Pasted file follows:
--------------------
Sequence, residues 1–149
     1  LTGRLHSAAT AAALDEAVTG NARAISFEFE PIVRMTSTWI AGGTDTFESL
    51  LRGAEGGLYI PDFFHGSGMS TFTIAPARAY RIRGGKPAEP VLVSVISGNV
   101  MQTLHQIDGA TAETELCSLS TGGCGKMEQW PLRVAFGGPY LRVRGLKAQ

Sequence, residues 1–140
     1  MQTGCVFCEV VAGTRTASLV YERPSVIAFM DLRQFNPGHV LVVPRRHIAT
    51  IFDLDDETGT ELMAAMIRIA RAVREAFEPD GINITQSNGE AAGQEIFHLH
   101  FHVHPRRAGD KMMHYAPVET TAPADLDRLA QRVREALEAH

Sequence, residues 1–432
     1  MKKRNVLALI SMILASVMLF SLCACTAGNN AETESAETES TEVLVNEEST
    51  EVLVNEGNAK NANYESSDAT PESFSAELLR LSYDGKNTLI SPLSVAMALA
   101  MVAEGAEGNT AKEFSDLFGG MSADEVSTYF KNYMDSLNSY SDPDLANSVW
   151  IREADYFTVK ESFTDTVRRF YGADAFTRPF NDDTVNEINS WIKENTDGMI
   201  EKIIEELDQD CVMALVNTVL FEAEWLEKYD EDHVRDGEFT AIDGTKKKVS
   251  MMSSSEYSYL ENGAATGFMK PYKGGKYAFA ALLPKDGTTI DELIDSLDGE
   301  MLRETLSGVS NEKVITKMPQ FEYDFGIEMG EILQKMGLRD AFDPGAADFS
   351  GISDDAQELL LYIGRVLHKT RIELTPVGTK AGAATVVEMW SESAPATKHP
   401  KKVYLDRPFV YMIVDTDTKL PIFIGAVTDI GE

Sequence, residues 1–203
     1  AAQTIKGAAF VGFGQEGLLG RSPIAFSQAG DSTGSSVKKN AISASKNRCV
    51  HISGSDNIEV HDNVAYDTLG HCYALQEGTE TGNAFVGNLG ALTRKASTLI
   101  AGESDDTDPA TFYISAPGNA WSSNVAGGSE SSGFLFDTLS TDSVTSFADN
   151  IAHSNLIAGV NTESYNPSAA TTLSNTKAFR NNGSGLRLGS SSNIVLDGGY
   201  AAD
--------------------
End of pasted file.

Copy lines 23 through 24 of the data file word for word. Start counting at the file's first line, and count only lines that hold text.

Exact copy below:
   151  IAHSNLIAGV NTESYNPSAA TTLSNTKAFR NNGSGLRLGS SSNIVLDGGY
   201  AAD